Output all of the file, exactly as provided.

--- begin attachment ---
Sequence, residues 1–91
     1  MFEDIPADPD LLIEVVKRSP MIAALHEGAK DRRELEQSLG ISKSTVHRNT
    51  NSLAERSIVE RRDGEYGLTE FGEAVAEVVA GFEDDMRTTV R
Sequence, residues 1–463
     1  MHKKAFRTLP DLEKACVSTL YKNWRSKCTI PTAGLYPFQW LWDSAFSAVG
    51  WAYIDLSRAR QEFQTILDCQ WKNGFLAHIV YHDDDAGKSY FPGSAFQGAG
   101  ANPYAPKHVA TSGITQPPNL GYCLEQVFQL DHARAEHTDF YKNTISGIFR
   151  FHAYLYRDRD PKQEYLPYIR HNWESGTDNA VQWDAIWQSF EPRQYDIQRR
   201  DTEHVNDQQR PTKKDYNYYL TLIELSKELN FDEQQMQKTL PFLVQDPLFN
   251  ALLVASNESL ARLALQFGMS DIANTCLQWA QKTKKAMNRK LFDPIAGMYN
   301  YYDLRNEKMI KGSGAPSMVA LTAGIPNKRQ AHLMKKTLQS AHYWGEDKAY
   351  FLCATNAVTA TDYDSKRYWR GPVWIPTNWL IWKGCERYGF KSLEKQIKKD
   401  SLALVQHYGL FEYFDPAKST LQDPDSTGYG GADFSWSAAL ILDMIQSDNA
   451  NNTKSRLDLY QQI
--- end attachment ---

Sequence, residues 1–91
     1  MFEDIPADPD LLIEVVKRSP MIAALHEGAK DRRELEQSLG ISKSTVHRNT
    51  NSLAERSIVE RRDGEYGLTE FGEAVAEVVA GFEDDMRTTV R
Sequence, residues 1–463
     1  MHKKAFRTLP DLEKACVSTL YKNWRSKCTI PTAGLYPFQW LWDSAFSAVG
    51  WAYIDLSRAR QEFQTILDCQ WKNGFLAHIV YHDDDAGKSY FPGSAFQGAG
   101  ANPYAPKHVA TSGITQPPNL GYCLEQVFQL DHARAEHTDF YKNTISGIFR
   151  FHAYLYRDRD PKQEYLPYIR HNWESGTDNA VQWDAIWQSF EPRQYDIQRR
   201  DTEHVNDQQR PTKKDYNYYL TLIELSKELN FDEQQMQKTL PFLVQDPLFN
   251  ALLVASNESL ARLALQFGMS DIANTCLQWA QKTKKAMNRK LFDPIAGMYN
   301  YYDLRNEKMI KGSGAPSMVA LTAGIPNKRQ AHLMKKTLQS AHYWGEDKAY
   351  FLCATNAVTA TDYDSKRYWR GPVWIPTNWL IWKGCERYGF KSLEKQIKKD
   401  SLALVQHYGL FEYFDPAKST LQDPDSTGYG GADFSWSAAL ILDMIQSDNA
   451  NNTKSRLDLY QQI